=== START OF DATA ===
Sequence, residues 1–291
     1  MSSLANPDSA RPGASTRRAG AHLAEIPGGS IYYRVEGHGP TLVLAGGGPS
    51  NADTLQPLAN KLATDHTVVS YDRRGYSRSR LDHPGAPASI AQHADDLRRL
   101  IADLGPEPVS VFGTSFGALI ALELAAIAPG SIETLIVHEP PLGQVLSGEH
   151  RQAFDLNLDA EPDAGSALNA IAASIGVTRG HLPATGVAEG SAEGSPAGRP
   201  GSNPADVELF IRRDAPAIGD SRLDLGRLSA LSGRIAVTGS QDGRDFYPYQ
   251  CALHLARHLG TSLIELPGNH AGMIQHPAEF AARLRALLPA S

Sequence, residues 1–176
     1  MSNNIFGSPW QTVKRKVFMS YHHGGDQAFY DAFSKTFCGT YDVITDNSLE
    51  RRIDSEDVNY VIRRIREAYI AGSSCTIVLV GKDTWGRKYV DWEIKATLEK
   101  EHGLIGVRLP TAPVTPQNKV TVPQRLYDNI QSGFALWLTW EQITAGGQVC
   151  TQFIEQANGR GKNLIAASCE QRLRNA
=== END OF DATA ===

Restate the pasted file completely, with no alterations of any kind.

Sequence, residues 1–291
     1  MSSLANPDSA RPGASTRRAG AHLAEIPGGS IYYRVEGHGP TLVLAGGGPS
    51  NADTLQPLAN KLATDHTVVS YDRRGYSRSR LDHPGAPASI AQHADDLRRL
   101  IADLGPEPVS VFGTSFGALI ALELAAIAPG SIETLIVHEP PLGQVLSGEH
   151  RQAFDLNLDA EPDAGSALNA IAASIGVTRG HLPATGVAEG SAEGSPAGRP
   201  GSNPADVELF IRRDAPAIGD SRLDLGRLSA LSGRIAVTGS QDGRDFYPYQ
   251  CALHLARHLG TSLIELPGNH AGMIQHPAEF AARLRALLPA S

Sequence, residues 1–176
     1  MSNNIFGSPW QTVKRKVFMS YHHGGDQAFY DAFSKTFCGT YDVITDNSLE
    51  RRIDSEDVNY VIRRIREAYI AGSSCTIVLV GKDTWGRKYV DWEIKATLEK
   101  EHGLIGVRLP TAPVTPQNKV TVPQRLYDNI QSGFALWLTW EQITAGGQVC
   151  TQFIEQANGR GKNLIAASCE QRLRNA